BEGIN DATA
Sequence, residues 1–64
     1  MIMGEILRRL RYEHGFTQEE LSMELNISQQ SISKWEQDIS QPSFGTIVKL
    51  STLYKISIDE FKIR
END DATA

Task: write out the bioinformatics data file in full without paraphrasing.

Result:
Sequence, residues 1–64
     1  MIMGEILRRL RYEHGFTQEE LSMELNISQQ SISKWEQDIS QPSFGTIVKL
    51  STLYKISIDE FKIR